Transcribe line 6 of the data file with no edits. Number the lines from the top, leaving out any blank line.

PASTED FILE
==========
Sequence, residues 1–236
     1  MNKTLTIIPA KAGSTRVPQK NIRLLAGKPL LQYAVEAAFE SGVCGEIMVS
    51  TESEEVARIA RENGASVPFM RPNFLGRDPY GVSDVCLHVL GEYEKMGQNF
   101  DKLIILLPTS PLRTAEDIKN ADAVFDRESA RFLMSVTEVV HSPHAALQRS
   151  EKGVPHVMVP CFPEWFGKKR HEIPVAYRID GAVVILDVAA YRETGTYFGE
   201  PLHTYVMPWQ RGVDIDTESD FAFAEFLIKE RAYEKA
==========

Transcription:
   201  PLHTYVMPWQ RGVDIDTESD FAFAEFLIKE RAYEKA